The idea of a neutral interest rate emanates from the writings of the Swedish economist Knut Wicksell. According to Wicksell,
There is a certain rate of interest on loans which is neutral in respect to commodity prices, and tend neither to raise nor to lower them. This is necessarily the same as the rate of interest which would be determined by supply and demand if no use were made of money and all lending were effected in the form of real capital goods.
In other words, the neutral rate of interest is defined as the rate at which the demand for physical loan capital coincides with the supply of savings expressed in physical magnitudes. (Note that once the neutral rate is reached, the state of equilibrium is attained — implying that the economy is now well balanced and the price level is stable).
The main source of economic instability, it is held, is the variance between the money market interest rate and the neutral rate. If the market rate falls below the neutral rate, investment will exceed saving, implying that aggregate demand will be greater than aggregate supply. Assuming that excess demand is financed by an expansion in bank loans, this leads to the creation of new money, which in turn pushes the general level of prices up.
Conversely, if the market interest rate increases above the neutral rate, savings will exceed investment, aggregate supply will exceed aggregate demand, bank loans and the stock of money will contract, and prices will fall. Hence, whenever the market rate is in line with the neutral rate, the economy is in a state of equilibrium and there are neither upward nor downward pressures on the price level.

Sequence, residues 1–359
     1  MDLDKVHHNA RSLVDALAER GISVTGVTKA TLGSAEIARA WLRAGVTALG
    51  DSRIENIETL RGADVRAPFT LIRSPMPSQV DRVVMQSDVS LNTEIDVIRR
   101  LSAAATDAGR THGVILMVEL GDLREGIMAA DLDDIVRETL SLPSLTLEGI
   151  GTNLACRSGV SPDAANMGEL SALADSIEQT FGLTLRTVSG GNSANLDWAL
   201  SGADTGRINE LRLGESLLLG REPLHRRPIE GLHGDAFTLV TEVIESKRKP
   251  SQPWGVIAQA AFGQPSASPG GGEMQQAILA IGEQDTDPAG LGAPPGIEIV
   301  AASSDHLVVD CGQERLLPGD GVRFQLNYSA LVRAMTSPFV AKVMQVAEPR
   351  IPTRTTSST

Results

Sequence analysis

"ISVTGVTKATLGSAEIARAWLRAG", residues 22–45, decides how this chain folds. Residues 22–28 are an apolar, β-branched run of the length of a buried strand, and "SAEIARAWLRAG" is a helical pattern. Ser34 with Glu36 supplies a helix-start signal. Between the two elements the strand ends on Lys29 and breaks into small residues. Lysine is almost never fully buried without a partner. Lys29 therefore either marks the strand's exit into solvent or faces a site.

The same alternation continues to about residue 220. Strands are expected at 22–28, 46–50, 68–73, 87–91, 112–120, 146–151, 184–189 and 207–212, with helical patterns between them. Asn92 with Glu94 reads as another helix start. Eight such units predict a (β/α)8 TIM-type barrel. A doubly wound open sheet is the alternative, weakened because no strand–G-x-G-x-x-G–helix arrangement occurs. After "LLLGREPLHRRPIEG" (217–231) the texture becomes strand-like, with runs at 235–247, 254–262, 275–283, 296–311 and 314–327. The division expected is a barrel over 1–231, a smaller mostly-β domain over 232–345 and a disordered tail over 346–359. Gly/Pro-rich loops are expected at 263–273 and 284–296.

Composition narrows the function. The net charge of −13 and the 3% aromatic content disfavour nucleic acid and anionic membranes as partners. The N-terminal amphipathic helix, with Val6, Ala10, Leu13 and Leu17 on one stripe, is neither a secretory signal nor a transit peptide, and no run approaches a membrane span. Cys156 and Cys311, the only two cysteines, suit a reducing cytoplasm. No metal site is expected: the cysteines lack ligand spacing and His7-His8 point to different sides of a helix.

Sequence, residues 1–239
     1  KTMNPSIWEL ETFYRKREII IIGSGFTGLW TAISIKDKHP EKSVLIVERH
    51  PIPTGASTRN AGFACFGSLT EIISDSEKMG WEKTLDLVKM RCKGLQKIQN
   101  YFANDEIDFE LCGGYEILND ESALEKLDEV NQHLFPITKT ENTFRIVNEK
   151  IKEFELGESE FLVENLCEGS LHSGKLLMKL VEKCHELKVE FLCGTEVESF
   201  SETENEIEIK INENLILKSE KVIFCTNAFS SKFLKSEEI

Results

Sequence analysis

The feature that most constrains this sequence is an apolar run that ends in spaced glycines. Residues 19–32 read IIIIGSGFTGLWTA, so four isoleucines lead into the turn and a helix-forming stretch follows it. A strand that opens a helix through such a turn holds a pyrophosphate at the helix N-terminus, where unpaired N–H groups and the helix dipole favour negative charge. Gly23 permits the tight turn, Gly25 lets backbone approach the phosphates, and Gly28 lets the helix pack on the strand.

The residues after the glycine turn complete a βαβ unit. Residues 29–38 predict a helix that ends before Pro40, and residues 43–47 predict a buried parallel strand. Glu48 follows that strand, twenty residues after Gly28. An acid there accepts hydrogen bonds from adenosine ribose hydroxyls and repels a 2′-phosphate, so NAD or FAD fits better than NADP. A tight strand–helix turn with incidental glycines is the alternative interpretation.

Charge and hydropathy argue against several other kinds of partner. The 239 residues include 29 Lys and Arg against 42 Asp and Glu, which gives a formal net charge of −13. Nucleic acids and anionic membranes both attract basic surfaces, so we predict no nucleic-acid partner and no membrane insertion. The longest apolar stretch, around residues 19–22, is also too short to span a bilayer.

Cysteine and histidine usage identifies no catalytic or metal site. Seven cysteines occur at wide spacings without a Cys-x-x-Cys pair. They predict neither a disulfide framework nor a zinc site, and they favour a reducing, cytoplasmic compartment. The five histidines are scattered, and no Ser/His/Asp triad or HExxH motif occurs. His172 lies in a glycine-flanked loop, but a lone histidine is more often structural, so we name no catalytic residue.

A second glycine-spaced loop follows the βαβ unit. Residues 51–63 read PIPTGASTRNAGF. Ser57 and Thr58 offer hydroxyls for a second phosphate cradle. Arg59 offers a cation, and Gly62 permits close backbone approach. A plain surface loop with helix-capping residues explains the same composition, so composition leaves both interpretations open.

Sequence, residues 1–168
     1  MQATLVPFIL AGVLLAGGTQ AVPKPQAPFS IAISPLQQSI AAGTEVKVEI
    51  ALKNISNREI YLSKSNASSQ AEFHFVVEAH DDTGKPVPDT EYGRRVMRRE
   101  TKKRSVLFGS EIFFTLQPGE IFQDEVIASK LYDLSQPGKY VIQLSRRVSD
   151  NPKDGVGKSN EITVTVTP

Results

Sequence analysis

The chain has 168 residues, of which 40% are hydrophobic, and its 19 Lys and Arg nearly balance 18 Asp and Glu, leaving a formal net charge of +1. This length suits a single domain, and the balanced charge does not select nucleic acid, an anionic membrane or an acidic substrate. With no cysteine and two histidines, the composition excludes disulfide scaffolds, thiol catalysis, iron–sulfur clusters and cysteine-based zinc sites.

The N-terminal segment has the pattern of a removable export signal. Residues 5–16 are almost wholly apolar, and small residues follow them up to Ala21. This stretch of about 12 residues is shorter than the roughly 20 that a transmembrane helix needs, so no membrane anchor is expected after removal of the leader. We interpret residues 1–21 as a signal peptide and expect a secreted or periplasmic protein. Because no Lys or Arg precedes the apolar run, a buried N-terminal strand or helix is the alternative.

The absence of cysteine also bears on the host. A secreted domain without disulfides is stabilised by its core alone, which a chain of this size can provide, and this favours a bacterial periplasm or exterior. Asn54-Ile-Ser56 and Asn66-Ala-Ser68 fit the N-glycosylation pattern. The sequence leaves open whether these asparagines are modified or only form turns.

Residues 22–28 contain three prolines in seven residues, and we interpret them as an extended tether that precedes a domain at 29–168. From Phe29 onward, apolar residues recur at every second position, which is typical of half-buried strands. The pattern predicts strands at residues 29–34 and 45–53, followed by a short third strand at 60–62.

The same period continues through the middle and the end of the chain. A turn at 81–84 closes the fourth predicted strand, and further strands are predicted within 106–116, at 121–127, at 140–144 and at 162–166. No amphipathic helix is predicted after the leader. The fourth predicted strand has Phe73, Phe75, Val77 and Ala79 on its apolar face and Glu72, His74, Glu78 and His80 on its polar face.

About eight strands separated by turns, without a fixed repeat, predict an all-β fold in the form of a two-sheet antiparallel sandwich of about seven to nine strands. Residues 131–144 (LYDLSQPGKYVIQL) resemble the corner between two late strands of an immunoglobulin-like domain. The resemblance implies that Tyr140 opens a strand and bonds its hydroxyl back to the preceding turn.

Again, this theory posits that deviations in the money market interest rate from the neutral rate is what sets in motion changes in the money supply which in turn disturb the general price level. Consequently, it is the role of the central authority to bring money market interest rates in line with the level of the neutral rate of interest.
According to this view, in order to establish whether monetary policy is tight or loose it is not enough to pay attention to the level of money market interest rates; rather one needs to contrast money market interest rates with the neutral rate. If the market interest rate is above the neutral rate then the policy stance is tight. Conversely, if the market rate is below the neutral rate then the policy stance is loose.
However, how is one to implement this framework? The main problem here is that the neutral interest rate can’t be observed. How can one tell whether the market interest rate is above or below the neutral rate?
Wicksell suggested that policy makers pay close attention to changes in the price level. A rising price level would call for an upward adjustment in the money market interest rate, while a falling price level would signal that the money market interest rate must be lowered.
According to the Wicksellian framework, in order to maintain price stability and economic stability, once the gap between the money market interest rate and the neutral rate is closed the central bank must at all times ensure that a gap does not re-emerge. In the Wicksellian framework a monetary policy that maintains the equality between the two rates becomes a factor of stability. But is this possible? After all, maintaining this equality means that the central bank would have to manipulate the supply of money, which in turn will only make things unstable. (In the present monetary system the Fed is actually directly engaged in the manipulation of the federal funds rate rather than money supply).
What the Fed is trying to achieve belongs to the world of a true free market economy. In a free market economy without a central bank, there would be no such thing as monetary policy. In the absence of central bank monetary policies the interest rates that emerge would be truly neutral.
Also, in a free market no one would be required to establish whether the interest rate is above or below some kind of imaginary equilibrium. In a free market, with the absence of money creation, there is no need for a policy to restrain increases in the price level.
The whole idea of the neutral interest rate is unrealistic insofar as we have a Fed that continuously tampers with interest rates and the money supply. Given the impossible goal that the Fed is trying to achieve, we do not expect Fed policy makers to become wise and all-knowing with regard to the correct level of the interest rate.
For a broader exposition of the ideas in this article, see this Mises.org article, on which it is based.